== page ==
Get the most out of your dependent medical expenses…… money back!

The devil is in the details.  Well, in this instance the devil is tracking out of pocket medical expenses.  Once out of pocket expenditures exceed 10% of adjusted gross income you’ve got deductions!   Do you have a running account of all the money you’ve been spending on you and your dependents?  This is an exercise in accounting well worth completing.  Below is a high level list of what’s deductible but you’ll want to check the IRS’s Publication 502 for greater detail.

  • Copays & deductibles
  • Accepted therapies that may not be covered by your insurer
  • Glasses
  • Ambulance charges
  • Acupuncture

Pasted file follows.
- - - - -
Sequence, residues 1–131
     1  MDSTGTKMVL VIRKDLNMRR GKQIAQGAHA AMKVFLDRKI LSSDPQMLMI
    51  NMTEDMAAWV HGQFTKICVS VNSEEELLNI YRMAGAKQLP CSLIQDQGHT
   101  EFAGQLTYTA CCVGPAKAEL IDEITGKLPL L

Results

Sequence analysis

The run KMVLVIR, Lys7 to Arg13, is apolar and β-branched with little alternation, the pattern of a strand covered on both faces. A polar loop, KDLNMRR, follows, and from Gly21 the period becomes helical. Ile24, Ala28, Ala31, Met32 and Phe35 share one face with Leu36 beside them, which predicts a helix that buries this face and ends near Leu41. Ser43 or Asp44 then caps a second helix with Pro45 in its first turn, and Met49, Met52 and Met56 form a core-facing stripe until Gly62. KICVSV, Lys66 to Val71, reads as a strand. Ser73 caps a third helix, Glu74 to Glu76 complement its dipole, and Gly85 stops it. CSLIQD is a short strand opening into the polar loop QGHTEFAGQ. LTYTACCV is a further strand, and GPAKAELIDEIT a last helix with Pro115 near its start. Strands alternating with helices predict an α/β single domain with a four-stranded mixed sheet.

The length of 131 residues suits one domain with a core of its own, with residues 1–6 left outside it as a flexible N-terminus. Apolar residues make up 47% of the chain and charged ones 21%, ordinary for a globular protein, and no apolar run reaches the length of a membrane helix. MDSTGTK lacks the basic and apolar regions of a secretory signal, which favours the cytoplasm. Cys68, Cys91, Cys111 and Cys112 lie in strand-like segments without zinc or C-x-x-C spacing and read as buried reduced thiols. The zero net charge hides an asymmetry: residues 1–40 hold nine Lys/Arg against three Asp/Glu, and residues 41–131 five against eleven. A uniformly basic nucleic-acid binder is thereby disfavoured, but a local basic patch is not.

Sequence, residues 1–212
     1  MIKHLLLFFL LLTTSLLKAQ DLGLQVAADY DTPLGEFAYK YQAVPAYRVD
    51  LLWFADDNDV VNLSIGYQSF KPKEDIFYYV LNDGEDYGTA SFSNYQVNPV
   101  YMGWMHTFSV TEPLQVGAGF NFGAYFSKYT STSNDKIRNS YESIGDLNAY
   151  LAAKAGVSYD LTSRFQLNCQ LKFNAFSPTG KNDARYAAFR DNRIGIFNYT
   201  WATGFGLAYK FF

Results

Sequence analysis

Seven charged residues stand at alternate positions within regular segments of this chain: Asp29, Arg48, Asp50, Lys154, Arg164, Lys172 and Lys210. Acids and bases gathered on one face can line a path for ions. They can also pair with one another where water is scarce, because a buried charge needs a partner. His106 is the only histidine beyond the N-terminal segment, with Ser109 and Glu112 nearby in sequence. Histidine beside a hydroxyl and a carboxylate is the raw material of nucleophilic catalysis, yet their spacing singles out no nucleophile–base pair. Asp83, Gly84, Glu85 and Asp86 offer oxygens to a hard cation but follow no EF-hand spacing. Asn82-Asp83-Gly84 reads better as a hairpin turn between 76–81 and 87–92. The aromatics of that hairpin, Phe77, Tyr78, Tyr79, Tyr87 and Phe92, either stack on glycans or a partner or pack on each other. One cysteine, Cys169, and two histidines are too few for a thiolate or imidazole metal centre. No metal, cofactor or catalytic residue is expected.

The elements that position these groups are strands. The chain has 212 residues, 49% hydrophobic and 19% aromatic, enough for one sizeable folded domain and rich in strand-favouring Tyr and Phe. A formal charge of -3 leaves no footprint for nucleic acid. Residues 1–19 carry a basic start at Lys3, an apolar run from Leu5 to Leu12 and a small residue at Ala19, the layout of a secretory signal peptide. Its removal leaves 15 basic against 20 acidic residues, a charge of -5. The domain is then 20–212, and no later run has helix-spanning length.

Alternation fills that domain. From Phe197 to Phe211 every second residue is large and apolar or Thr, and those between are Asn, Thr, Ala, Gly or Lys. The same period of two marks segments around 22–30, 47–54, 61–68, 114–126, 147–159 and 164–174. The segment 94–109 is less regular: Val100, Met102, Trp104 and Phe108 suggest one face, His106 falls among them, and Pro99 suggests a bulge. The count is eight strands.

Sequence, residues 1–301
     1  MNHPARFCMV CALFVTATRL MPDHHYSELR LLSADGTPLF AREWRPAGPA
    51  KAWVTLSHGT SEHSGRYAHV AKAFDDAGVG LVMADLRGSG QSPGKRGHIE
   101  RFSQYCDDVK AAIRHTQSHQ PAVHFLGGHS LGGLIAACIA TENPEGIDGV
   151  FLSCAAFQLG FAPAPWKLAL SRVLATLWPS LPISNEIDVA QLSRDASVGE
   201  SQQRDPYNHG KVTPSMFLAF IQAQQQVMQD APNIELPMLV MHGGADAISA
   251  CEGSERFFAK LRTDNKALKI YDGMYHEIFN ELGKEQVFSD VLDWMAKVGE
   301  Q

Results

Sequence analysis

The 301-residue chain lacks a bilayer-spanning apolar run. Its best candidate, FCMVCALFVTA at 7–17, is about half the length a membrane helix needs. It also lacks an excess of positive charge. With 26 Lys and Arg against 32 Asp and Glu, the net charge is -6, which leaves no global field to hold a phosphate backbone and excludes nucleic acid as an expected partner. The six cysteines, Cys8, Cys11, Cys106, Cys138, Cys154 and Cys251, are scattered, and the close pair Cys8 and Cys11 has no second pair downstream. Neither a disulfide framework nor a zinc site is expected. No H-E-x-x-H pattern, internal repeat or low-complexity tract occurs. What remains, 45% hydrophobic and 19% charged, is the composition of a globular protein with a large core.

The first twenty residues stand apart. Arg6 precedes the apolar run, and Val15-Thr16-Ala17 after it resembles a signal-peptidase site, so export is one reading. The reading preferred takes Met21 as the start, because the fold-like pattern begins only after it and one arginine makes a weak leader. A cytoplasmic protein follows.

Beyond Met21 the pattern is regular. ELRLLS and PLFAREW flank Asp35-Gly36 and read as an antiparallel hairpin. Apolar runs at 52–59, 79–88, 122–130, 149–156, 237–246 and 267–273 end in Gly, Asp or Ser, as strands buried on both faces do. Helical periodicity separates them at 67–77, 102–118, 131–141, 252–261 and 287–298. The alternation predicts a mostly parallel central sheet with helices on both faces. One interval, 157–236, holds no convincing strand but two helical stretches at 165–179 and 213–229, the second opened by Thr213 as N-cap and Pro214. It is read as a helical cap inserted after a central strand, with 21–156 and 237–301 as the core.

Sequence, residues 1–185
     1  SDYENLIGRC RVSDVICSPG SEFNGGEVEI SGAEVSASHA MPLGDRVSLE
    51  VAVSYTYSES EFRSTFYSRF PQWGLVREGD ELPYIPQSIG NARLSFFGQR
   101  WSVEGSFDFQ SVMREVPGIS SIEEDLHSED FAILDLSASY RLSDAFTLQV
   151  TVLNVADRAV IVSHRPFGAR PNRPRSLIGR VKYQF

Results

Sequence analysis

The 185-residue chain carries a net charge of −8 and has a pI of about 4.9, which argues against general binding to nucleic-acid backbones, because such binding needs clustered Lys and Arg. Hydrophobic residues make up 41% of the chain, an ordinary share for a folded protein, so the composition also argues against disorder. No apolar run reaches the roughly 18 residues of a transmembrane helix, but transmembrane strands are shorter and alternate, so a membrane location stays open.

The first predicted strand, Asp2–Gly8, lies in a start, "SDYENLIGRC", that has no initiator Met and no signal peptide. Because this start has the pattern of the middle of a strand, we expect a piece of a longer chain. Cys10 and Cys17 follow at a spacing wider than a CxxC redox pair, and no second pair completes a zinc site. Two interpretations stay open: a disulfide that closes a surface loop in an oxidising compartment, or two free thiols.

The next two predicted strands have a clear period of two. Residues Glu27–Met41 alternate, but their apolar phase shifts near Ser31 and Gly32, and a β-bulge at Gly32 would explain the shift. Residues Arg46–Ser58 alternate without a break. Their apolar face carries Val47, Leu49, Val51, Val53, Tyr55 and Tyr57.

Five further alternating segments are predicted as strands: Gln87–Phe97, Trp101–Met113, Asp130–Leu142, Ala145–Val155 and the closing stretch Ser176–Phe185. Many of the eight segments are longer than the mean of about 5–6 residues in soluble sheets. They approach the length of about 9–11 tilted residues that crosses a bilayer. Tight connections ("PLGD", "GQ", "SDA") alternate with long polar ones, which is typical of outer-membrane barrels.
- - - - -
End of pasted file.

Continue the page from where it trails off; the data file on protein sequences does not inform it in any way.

• Physical therapy
  • Memory care
  • Bandages / care supplies
  • Hearing aids
  • Activities for older people (dual eligibles)
  • Some required home and vehicle modifications for safety
  • Professional health assistance for respite care
  • Transportation for medical appts or services
  • Adult day care or in-home health assistance (if you are working)

How to capture this information?  It can be as simple as putting pen to paper with an envelope of receipts attached or a digital spreadsheet.  The most important part is to have all your receipts & detail of the charge accounted for at the end of the year.  Receipts must include the following:

  • Patient Name
  • Date of Service
  • Diagnosis / Reason for Service
  •  Amount Paid Out of Pocket
    • This is important – make sure it notes that the account has been paid or you have cancelled check or credit card receipt to back the expenditure up.

The importance of a Certified Senior Advisor®️